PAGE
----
How to Use Up All That Zucchini!

Yahoo Food

Every Tuesday on Food52, Italian expat Emiko Davies is taking us on a grand tour of Italy, showing us how to make classic, fiercely regional dishes at home. 

Today: A zingy way to use up summer’s abundant zucchini, direct from Naples.

The Venetians have saor, the Piedmontesi have carpione, the Spanish have escabeche and even the Japanese have nanbanzuke. All of these dishes call for marinating something — usually something fried — in vinegar. 

This technique adds flavor, particularly when spices, herbs, or garlic are added, but its main purpose is to conserve the dish for longer. In fact, it’s always best to eat this at least one day after you prepare it — the flavors have had time to mingle, then settle and become tastier.

This zesty dish, zucchine alla scapece, is a summertime favorite in Naples. Served cold the day after it’s made, it makes a wonderful side dish or antipasto. Atop some crostini or toasted bread, it can be a meal in itself. Don’t be shy to make a big batch of it — conserved in vinegar and kept in the fridge, it does well for about a week.

Traditionally, the zucchini are cut into rounds and dried out in the sun before frying, but patting them with paper towels and leaving them to air dry can do the trick. I also like sprinkling the slices with salt and letting them sit for two hours before rinsing, patting dry, and frying. This way, they absorb less oil during frying, which results in less-soggy zucchini that will better soak up the vinegary marinade.

This is less a strict recipe and more of a technique — adjust it to your tastes, and keep in mind that it’s also delicious with eggplant. Some people prefer to use a mixture of half vinegar, half water; you can even use white wine, boiled to remove the alcohol and then poured, still hot, over the vegetables.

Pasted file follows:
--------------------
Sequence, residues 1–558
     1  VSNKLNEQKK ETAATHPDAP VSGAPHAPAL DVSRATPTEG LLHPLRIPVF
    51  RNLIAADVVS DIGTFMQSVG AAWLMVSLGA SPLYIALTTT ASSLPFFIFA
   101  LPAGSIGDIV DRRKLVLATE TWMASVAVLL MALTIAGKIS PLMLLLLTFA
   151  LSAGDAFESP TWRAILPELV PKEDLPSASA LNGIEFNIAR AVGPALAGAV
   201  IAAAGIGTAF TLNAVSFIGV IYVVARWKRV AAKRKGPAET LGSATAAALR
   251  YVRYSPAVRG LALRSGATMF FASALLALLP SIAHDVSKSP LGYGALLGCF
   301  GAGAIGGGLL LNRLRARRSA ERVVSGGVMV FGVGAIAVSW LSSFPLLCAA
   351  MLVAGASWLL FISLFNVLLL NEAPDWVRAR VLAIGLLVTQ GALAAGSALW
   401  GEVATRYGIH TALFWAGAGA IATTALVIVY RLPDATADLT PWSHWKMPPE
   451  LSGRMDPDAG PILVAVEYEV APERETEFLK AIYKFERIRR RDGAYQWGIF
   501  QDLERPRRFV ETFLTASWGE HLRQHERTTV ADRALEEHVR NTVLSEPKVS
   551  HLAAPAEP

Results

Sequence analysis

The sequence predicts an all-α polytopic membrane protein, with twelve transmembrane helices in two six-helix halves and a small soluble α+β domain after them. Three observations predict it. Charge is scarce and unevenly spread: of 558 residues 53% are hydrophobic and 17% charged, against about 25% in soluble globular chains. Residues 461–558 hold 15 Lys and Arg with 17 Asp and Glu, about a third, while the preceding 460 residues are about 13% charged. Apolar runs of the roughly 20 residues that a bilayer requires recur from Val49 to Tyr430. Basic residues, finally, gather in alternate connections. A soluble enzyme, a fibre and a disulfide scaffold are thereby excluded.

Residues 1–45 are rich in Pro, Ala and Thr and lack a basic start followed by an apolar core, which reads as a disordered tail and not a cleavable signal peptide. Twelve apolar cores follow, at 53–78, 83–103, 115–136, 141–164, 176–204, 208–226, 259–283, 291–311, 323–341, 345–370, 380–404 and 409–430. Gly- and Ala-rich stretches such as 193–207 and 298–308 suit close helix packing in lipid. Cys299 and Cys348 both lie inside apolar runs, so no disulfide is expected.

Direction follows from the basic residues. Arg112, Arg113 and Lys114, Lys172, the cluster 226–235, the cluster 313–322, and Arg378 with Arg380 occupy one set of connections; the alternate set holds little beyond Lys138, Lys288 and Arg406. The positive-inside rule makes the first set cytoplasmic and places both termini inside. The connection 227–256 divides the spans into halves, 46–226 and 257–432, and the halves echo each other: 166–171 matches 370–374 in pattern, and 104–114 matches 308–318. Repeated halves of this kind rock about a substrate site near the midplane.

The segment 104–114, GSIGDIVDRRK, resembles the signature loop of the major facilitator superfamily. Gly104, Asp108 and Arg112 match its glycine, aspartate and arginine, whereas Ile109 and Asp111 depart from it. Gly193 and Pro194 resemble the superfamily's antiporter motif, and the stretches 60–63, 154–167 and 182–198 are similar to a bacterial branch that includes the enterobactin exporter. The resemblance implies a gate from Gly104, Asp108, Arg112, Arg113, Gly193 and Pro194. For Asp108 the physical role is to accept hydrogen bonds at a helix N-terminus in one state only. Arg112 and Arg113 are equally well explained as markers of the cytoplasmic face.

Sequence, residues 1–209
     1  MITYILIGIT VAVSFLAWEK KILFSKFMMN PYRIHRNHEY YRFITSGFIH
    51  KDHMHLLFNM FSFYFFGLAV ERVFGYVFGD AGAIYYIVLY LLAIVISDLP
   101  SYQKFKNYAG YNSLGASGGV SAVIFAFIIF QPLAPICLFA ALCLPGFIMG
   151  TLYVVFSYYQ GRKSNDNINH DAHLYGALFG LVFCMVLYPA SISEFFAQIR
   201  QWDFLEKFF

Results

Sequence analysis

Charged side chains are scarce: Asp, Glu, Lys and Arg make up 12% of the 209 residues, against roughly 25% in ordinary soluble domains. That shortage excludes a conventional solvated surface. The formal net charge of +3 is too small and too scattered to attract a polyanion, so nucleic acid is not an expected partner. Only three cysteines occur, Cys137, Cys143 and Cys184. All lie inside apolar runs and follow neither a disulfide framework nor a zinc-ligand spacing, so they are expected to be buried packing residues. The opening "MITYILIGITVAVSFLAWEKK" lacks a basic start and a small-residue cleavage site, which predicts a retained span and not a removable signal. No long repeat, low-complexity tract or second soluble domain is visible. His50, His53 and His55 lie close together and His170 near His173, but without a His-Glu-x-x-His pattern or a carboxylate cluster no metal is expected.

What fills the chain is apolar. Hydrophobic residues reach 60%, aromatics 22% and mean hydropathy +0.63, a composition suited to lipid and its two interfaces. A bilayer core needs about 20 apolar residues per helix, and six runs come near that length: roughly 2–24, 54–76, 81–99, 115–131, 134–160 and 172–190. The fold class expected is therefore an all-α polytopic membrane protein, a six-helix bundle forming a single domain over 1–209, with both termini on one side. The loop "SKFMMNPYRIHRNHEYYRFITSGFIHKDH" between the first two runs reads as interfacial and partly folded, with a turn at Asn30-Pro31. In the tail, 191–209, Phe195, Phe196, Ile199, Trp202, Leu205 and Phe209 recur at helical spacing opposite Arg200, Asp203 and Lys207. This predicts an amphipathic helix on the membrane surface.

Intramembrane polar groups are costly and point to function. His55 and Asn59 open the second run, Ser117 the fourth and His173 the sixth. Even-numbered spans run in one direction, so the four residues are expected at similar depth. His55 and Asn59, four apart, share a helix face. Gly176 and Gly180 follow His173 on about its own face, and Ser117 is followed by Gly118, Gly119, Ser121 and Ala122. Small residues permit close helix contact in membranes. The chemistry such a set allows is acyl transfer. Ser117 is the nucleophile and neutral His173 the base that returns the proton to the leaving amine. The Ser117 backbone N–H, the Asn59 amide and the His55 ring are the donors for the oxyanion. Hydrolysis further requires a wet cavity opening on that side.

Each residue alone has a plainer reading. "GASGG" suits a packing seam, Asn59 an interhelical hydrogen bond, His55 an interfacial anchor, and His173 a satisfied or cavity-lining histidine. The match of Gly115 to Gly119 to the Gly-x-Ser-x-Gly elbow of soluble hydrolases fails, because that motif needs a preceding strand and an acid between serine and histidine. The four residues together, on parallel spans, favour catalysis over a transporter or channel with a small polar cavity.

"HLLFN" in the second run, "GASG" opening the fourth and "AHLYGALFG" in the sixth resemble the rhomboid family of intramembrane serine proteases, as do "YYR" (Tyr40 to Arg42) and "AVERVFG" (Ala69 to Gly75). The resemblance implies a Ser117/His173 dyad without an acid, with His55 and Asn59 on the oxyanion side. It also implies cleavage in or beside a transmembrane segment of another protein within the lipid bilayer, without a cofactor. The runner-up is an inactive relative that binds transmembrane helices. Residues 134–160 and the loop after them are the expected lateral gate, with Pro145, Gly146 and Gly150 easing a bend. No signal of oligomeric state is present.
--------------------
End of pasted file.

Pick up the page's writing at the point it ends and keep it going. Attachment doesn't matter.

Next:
For a mild, nutty garlic flavor, place the garlic cloves in the oil to infuse as it warms up, then remove it before you add the zucchini. Garlic lovers might enjoy simply slicing and placing the raw slices among the zucchini to be marinated. If you’re not a fan of garlic, leave it out. The mint, however, is a must. It gives the whole dish, along with the vinegar, a wonderfully refreshing lift.

Zucchine alla Scapece

Serves 3 to 4 as a side

5 to 6 medium zucchini, washed and patted dry
2 to 3 pinches salt
Olive oil for frying
1/3 cup red or white wine vinegar
A handful of mint leaves
1 to 2 cloves garlic 

  1. Thinly slice the zucchini in rounds or lengthways and lay them in a baking dish or similar container, sprinkling salt over each layer. Set aside for roughly two hours, then rinse the salt off and pat dry with paper towels.
  2. Fill a wide and deep skillet with olive oil, about 1 to 2 centimeters (3/4 inch) deep. Add the garlic if you’re using it to infuse the oil, and turn the heat to medium. Remove the garlic once golden. Over medium heat, fry the zucchini slices in batches until they are golden and tender. Transfer to a plate lined with paper towels to absorb any excess oil.
  3. Place the zucchini in a container (preferably with a lid, for keeping in the fridge) and pour the vinegar over it, then add the mint leaves and (if using) the sliced garlic. Combine well and cover. Keep in the fridge for at least a few hours before eating – it’s even better left to sit overnight. This dish keeps well, covered and stored in the fridge, for about a week.

Save and print the recipe on Food52

Photos by Emiko Davies

This article originally appeared on Zucchine alla Scapece